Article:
Collage of images including wind turbines, a geothermal plant, and a worker sitting atop a turbine.

Sustainable Energy Certificate

The Sustainable Energy Certificate has been designed to respond to the rapidly expanding need for skilled professionals in sustainable energy-related occupations. The certificate provides fundamental information about emerging sustainable energy systems, including solar photovoltaics (solar PV), wind energy technologies, energy storage systems, and geothermal systems. The certificate offers learners a credential in preparation for entry-level support positions in sustainable energy or to supplement experience gained in traditional energy sectors. Graduates will possess expertise in determining the benefits of integrating the sustainable energy fields associated with the certificate program into the existing energy production infrastructure. The graduates will also gain competency in evaluating the impact of energy policies in the specific sustainable energy field as well as serving in public-facing roles to improve awareness and acceptance of emerging sustainable energy sources. Graduates will be able to describe the environmental impacts associated with sustainable energy sources.

Typical Employment Outcomes:

  • Public utility companies
  • Alternative energy companies such as solar power or geothermal distributors
  • Governmental enterprises such as cities and towns
  • Public advocacy groups supporting sustainable energy

Certificate Program Outcomes: 

Upon successful completion of the coursework, students will be able to:

  • Discuss the importance of solar, wind and geothermal energy sources and the integration of energy storage systems as a sustainable energy solution.
  • Provide arguments in connection with advantages, disadvantages, as well as societal, economic and environmental considerations in relation to sustainable energy solutions.
  • Evaluate the impact of specific energy policies as well as environmental policies in solar energy, wind technology, geothermal systems and energy storage applications.
  • Advocate for the implementation of sustainable energy applications including solar and wind installations.
  • Explain the methods of extracting geothermal energy to promote utility energy efficiency and electrification actions.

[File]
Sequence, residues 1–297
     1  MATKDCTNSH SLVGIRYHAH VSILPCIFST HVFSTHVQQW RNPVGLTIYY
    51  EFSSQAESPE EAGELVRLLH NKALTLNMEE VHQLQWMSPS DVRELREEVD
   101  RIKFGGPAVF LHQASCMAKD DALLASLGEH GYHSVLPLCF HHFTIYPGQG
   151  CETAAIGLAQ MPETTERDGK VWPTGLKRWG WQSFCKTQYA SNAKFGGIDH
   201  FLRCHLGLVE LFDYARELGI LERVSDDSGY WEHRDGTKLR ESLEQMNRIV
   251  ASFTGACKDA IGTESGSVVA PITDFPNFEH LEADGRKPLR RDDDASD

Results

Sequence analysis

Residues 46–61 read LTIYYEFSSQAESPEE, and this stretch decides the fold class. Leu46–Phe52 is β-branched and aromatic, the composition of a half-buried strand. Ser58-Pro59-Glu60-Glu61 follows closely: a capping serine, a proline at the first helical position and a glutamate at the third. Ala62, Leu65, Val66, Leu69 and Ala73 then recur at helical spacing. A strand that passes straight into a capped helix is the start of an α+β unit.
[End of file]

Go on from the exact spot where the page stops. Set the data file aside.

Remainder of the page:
• Assess funding opportunities along with other incentives associated with sustainable energy solutions.

*Gainful Employment Mandatory Disclosure Statement

Admission to Farmingdale State College - State University of New York is based on the qualifications of the applicant without regard to age, sex, marital or military status, race, color, creed, religion, national origin, disability or sexual orientation.

Contact Information

ELECTRICAL & COMPUTER ENGINEERING TECHNOLOGY DEPARTMENT

Dr. Adam Filios
Lupton Hall, Room 246
934-420-2397
electrical@farmingdale.edu
Monday-Friday 8:30am-5:00pm

Fall 2021

Subject to revision

ENV 101 Energy Sustainability and Environment 3
MTH 110 Statistics 3
ENV 302 Wind Technology 3
ENV 303 Energy Storage and Electric Drive Vehicles 3
ENV 304 Geothermal Systems 3
ENV 306 Solar Energy 3

Curriculum Summary

Total Required Credits: 18

ENV 101 Energy Sustainability and Environment

This is an introductory course to create and enhance the critical awareness of the student regarding various forms of energy, sustainability issues and the impact on the environment through unbridled use of energy in the present day context. A scientific and technological approach is used to discuss various topics. The knowledge base of this course is derived from certain natural sciences such as Physics, Chemistry, Biology and Eco-Science. The main topics of discussion are: Forms of energy, energy conservation, impact on the environment by the use of energy, forms of renewable energy and sustainability issues. The critical policy issues related to energy are also discussed. The course prepares the student to be a fully aware citizen on energy issues facing the community and the world.